Inventive dance and a last work in week at ADF
The American Dance Festival’s sixth week offered work by ponydance and Trisha Brown.
July 17-July 21
Motorco Music Hall
The ponydance performance of “Where did it all go right?” seen Thursday, provided a unique experience. Inspired by real-life human courtship dramas enacted in pubs/bars, this Irish troupe successfully pulls off an art-imitates-life coup. It helps that it’s actually performed in a bar with an audience that, at times, participates in the drama.
To portray the eternal tale of two women vying for the attention of one man, performers Leonie McDonagh, Neil Hainsworth and Paula O’Reilly deliver high-energy dancing and convincing physical fights as well employing acting abilities mostly through body language and facial expressions. Comedic talents also play a role in audience engagement, as does the ways in which performers get some audience members in on the act.
The dancing proves technically impressive and inventive. In one sequence, Hainsworth’s and McDonagh’s frenzied mating dance involves striping to their underwear and somehow managing to wind up dressed in each other’s clothes. In the physical fights between O’Reilly and McDonagh, O’Reilly throws convincingly brutal punches also made realistic by the surprise and pain reflected on McDonagh’s face as she staggers backwards or falls on the floor.
There’s also a glimpse of the sort of real-life tensions that could arise in this company between dancer/artistic director McDonagh and dancer/company manager O’Reilly.
(And, now a spoiler alert to audiences in New Zealand, who will see ponydance perform this work in August. Do not read any further. A fourth cast member, Duane Watters, also makes an appearance that combines spectacular show dance moves with gyrations directed at the women in the audience.)
Trisha Brown Dance Company
July 19-July 20
Durham Performing Arts Center
Once again, Trisha Brown’s work beguiles in a program that offers a retrospective as well as Brown’s most recent work -- reportedly her last work ever due to a series of small strokes.
In Brown’s dances, everything seems to flow in a natural, effortless manner that encourages a meditative state, relaxed yet focused in order to notice both patterns and exceptions – some of which reflect her wit and ingenuity. The almost constant movements are punctuated with moments of stillness.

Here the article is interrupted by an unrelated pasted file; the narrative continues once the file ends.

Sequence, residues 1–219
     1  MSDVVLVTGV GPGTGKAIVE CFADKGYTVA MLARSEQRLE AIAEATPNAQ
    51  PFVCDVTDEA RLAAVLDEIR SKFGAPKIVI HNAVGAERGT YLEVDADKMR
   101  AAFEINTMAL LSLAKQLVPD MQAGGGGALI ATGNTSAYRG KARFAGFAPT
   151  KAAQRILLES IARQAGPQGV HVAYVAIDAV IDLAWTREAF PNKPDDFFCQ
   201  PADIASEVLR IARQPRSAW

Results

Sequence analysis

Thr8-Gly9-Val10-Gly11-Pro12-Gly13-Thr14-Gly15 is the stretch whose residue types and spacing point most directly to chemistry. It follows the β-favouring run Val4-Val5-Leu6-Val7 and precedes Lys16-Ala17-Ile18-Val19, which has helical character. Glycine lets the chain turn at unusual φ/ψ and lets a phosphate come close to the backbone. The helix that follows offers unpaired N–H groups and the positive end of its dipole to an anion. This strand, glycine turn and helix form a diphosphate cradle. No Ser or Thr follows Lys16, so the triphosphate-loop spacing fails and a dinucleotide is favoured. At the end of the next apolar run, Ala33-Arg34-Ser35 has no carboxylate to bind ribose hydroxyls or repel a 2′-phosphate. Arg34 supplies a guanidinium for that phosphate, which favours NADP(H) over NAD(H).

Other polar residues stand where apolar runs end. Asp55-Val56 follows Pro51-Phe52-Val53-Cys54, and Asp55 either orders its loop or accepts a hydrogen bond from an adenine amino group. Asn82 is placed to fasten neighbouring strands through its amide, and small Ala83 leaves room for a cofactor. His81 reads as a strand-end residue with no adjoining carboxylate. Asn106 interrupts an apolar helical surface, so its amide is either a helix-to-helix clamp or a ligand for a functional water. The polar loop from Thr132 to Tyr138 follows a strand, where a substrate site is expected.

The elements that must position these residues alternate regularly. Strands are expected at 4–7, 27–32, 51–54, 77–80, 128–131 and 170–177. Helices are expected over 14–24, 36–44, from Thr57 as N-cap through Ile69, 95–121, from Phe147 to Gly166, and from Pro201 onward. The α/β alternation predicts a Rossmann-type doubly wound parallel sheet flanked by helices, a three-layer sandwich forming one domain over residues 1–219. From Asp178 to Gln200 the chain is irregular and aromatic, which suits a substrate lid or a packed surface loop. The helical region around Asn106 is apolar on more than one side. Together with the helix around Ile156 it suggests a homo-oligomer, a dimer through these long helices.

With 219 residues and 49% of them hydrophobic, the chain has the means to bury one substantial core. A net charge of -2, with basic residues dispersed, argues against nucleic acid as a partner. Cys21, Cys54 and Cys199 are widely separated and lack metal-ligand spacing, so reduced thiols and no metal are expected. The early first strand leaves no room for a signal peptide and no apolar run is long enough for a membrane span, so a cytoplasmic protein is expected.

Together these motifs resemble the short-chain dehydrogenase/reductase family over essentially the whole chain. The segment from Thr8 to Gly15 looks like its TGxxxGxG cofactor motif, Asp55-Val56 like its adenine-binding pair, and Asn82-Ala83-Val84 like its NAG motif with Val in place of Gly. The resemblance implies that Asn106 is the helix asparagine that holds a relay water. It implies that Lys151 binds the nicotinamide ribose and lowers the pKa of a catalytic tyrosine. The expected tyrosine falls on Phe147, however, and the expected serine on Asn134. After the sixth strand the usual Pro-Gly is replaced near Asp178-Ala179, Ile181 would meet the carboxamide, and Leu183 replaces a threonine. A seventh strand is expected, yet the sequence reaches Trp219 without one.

In her 1983 “Set and Reset,” Robert Rauschenberg’s set pieces that reflect a collage of black and white film footage, costumes and transparent wings contribute greatly to this classic work. The transparent wings expand the work to the wings because the audience can now see dancers there.
“If You Couldn’t See Me,” the 1994 solo Brown made and performed for herself, requires the dancer to move in such a way that the audience never sees her face. This requires flexibility and a certain courage to appear onstage in this unorthodox way. It’s easy to see why dancer Leah Morrison, who performed the solo in this program, won a New York Dance and Performance “Bessie” Award for her 2008 Joyce Theater performance of this work. At the post-performance discussion, Morrison said that she could feel the “electricity” of the audience even though she could not see them.
The title of this work is taken from directions Brown gave the dancers in the early days of creating the dance.
This dance has a spiritual, ethereal quality. At one point, we hear Tibetan Buddhist horns in Alvin Curran’s score.
Again, Brown’s wit is evident in such moves as a dancer grabbing one of her toes and holding onto it as her male partner lifts her to his shoulder.
Seven industrial fans onstage play an integral role as elemental forces that create the environment in which the dancers exit. Fans produce wind sounds and light glances off the moving blades. At times, dancers seem on the verge of blowing away or appear to struggle against the wind. Kaye Voyce’s white costumes enhance the wind’s presence as blousy tops with wide sleeves and pants with bell-bottoms ripple at various speeds depending on how close dancers are to the fans. There’s also a feeling, in the theater, of being in an oxygen-rich environment that nurtures and refreshes.
An eighth fan is set apart by the fact that it doesn’t spin. Also, at times, a dancer stands out, alone onstage. Both offer fitting images for an illustrious career and its end -- except in the memories of this and other performances of Brown’s work over the years.